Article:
In an ideal world, you'd wake up refreshed, blast through the day at reckless abandon, and every night, at your regular time, slip into a restful sleep when your energy has been fully depleted. The problem here is, some days take more out of you than others.

To help with this, a short 10 to 20 minute power nap in the afternoon helps keep you adjusted, ensures you have enough juice to take you through the day without disrupting your natural circadian rhythm. To make sure your nap does not interfere with your night time slumber, it's best to steal your siesta in the early afternoon, slightly after lunch, when your eyelids are naturally heavy.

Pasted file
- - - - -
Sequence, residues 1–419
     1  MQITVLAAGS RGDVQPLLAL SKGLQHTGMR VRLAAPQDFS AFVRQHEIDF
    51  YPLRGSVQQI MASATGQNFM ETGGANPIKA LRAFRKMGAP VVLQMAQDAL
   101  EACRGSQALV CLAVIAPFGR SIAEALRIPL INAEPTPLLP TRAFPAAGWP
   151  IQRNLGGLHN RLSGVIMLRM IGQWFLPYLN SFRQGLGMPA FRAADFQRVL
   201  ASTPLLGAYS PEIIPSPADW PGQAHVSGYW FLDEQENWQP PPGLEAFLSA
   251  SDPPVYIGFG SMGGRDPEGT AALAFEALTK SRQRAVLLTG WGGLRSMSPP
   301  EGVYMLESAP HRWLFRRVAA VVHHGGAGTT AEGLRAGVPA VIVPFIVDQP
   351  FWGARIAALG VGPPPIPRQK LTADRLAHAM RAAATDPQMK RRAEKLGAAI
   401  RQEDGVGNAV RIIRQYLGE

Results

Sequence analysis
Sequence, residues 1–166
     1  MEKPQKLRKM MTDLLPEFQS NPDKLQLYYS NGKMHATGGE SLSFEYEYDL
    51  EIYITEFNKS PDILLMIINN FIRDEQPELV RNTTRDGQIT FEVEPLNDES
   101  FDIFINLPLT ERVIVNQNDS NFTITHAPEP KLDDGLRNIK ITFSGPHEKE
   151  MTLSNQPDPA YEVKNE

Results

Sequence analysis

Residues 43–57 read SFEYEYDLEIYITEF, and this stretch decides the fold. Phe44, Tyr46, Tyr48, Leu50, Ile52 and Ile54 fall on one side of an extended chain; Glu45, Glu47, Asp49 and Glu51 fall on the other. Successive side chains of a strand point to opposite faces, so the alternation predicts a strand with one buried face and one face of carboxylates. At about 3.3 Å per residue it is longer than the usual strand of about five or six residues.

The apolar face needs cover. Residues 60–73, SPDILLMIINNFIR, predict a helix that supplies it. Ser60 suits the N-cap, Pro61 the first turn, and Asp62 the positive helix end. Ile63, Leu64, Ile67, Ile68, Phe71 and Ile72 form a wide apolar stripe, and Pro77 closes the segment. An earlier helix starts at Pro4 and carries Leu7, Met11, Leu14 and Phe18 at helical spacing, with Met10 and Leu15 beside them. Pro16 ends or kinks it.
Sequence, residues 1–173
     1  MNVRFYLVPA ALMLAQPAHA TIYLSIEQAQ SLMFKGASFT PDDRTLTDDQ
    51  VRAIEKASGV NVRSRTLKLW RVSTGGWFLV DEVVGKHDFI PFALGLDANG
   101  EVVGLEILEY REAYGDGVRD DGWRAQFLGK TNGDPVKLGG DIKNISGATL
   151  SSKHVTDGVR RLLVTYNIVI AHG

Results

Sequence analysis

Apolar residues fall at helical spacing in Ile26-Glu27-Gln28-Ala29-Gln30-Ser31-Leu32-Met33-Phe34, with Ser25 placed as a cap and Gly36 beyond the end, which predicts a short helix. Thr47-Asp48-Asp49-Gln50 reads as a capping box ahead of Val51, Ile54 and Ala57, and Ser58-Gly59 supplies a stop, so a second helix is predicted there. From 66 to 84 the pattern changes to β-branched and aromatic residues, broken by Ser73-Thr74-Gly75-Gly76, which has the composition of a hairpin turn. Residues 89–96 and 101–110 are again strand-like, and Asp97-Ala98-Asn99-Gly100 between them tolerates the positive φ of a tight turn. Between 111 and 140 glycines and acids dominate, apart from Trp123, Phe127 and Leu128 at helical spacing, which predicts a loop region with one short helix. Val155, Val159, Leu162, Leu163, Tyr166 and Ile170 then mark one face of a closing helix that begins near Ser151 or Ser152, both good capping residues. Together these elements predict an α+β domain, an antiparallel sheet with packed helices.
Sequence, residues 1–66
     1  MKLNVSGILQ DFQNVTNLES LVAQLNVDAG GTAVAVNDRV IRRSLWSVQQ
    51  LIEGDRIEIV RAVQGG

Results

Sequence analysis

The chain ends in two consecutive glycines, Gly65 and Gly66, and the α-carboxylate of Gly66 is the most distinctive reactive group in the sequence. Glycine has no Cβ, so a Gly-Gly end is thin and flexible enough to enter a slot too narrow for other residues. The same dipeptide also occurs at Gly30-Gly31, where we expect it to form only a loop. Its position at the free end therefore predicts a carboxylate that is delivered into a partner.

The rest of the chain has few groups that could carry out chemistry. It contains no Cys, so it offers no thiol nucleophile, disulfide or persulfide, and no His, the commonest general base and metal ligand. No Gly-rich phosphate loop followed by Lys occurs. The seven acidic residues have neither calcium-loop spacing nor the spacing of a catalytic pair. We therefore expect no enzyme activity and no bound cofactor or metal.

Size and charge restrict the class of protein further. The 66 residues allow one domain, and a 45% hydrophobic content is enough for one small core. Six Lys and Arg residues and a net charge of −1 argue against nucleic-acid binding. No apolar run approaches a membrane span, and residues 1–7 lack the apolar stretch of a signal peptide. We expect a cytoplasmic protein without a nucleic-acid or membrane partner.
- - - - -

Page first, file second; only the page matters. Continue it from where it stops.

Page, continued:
[Related: 11 Habits That Are Ruining Your Sleep]


Don't Count Sheep
Research has shown that counting sheep, rather than lulling your mind into unconsciousness, may actually have the opposite effect.

So it might be best to give your mind something else to chew on. Why not think about something that will allow you to drift off into blissfulness? Like what your world will be like once you've attained your dreams, if everything you've been working towards actually came through.

[Related: The Expert-Approved Guide To Sleeping On A Plane]


Pass On The Warm Bath